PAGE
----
“This guidance does not obligate places of worship to resume in-person activity,” the guidelines state. “Further, it is strongly recommended that places of worship continue to facilitate remote services and other related activities for those who are vulnerable to COVID-19, including older adults and those with co-morbidities. Even with adherence to physical distancing, convening in a congregational setting of multiple different households to practice a personal faith carries a relatively higher risk for widespread transmission of the COVID-19 virus, and may result in increased rates of infection, hospitalization, and death, especially among more vulnerable populations. In particular, activities such as singing and group recitation negate the risk-reduction achieved through 6 feet of physical distancing.”
The guidelines can be found at covid19.ca.gov/pdf/guidance-places-of-worship.pdf.
Attorney Robert Tyler, president of Advocates for Faith & Freedom and partner of the Murrieta-based nonprofit law firm Tyler & Bursch, LLP, said California’s new guidelines for worship remain too limiting.
“While we appreciate the efforts made to allow places of worship to resume services, the guidance limiting occupancy to 25% or 100 people, whichever is less, is not acceptable because it still discriminates against places of worship,” Tyler said. “… While many churches will have no problem complying with the 100-person limit, some of our clients have churches that seat 2,500 people and more. Limiting places of worship to 100 people is arbitrary, unreasonable and unconstitutional. Our clients will continue to make plans to hold services on May 31, 2020, and many will not limit themselves to 100 persons.”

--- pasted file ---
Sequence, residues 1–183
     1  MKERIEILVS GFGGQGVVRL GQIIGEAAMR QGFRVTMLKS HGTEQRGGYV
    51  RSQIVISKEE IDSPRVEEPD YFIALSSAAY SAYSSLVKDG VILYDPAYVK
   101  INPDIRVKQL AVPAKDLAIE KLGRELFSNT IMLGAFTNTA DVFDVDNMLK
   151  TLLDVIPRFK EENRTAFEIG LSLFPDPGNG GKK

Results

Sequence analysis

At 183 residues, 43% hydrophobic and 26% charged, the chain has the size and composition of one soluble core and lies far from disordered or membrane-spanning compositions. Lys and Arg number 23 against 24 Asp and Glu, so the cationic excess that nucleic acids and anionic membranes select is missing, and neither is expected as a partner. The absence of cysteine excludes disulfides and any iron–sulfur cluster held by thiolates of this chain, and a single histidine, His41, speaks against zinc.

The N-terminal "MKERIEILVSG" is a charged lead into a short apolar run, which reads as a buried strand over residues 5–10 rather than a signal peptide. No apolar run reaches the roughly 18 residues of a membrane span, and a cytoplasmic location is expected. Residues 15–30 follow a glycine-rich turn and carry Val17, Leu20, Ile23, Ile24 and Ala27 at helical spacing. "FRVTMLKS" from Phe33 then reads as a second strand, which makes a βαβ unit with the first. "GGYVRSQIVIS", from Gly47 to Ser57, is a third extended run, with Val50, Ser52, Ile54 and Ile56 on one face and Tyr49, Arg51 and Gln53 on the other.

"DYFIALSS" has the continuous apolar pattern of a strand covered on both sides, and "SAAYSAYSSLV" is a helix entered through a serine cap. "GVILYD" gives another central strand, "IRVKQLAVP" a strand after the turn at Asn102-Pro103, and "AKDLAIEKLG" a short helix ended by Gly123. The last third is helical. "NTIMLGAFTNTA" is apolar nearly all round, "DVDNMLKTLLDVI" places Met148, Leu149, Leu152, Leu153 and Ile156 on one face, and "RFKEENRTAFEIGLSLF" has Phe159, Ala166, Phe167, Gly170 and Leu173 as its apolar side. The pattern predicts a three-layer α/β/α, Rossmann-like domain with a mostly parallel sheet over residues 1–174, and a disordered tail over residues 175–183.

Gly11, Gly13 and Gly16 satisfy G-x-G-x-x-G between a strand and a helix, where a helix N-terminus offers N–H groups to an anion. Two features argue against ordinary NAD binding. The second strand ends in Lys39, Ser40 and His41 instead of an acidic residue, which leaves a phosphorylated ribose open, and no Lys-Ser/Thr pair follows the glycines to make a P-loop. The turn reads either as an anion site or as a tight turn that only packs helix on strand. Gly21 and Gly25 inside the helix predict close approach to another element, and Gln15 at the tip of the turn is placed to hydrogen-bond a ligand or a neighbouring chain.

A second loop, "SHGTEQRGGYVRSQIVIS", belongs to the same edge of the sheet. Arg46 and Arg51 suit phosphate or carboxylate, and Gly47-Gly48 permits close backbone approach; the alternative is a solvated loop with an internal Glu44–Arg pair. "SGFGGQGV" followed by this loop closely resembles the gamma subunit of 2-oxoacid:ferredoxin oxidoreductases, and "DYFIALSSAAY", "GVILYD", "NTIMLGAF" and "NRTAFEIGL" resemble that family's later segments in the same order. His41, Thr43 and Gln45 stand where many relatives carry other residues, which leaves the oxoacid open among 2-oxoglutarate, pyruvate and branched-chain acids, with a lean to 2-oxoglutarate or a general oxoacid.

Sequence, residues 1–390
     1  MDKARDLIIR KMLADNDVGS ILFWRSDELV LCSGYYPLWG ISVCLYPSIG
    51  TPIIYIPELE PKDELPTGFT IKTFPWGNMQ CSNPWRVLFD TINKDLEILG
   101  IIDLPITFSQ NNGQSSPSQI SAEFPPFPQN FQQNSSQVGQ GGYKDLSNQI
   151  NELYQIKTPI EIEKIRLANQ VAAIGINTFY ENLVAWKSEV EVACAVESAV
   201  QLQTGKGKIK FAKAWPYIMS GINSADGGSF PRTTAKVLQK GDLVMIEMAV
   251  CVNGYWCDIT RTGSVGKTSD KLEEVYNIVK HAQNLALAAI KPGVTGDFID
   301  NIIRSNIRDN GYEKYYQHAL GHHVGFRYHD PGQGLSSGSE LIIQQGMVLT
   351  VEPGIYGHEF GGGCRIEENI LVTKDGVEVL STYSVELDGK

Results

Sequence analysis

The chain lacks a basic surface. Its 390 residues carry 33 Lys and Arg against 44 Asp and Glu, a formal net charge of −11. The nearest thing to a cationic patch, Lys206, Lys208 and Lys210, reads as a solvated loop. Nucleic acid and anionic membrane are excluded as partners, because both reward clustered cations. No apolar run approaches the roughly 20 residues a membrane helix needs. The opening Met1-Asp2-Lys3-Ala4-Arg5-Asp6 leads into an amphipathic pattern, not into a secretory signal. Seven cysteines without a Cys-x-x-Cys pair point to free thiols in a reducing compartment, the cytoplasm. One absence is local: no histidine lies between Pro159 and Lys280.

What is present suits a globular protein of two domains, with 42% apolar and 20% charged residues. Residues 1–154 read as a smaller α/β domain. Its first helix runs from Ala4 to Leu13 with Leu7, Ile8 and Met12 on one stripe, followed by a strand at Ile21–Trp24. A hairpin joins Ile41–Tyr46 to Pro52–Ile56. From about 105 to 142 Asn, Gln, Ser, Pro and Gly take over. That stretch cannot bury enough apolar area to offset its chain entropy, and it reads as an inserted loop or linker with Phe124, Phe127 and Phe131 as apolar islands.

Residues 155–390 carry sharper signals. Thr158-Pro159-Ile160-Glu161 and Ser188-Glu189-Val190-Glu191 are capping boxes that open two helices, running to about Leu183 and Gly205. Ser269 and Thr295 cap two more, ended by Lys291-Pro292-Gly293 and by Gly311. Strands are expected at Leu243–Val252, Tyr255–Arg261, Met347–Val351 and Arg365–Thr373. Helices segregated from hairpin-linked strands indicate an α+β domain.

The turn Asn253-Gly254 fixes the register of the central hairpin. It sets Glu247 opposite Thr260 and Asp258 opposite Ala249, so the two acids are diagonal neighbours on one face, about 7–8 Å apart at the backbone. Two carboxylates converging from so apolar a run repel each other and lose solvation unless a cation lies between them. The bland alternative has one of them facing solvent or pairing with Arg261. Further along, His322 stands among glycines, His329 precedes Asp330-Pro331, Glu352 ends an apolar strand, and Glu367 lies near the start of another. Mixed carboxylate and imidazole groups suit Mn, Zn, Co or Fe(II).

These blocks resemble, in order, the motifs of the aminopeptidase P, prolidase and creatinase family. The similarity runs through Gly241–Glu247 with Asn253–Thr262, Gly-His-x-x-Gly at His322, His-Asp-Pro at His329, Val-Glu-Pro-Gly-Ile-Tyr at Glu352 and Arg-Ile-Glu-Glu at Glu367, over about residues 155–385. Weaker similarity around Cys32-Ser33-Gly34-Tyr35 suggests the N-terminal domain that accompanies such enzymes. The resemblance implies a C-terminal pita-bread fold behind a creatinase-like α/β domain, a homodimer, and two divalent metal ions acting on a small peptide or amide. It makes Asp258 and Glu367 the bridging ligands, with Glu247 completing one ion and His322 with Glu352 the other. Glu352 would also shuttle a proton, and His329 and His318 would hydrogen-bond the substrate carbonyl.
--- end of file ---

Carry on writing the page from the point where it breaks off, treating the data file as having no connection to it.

He added: “We encourage the Governor to reconsider this unnecessarily low limitation on occupancy. Meanwhile, we will continue to pursue our legal claims in court in order to prevent future authorities from stripping First Amendment liberties from places of worship.”
Churches and other houses of worship were ordered closed to the public on March 19. Since then many have adjusted by holding virtual services, while a few have recently resumed in-person services in violation of the order.
In Riverside County, a Murrieta church held in-person worship services attended by hundreds of people on Sunday in defiance of the state’s coronavirus shutdown order.
Pastor Tim Thompson of 412 Church Murrieta told the Riverside Press-Enterprise that the church has held such gatherings since May 3. According to Thompson, congregants were being allowed to maintain social distance and wear face coverings, though it was not a requirement.
Its sister congregation in San Jacinto has also been holding in-person gatherings since May 10.
More than 1,200 pastors and clergy from across California, including Thompson, signed a letter to the governor last week saying they plan to resume in-person services May 31, regardless of state restrictions.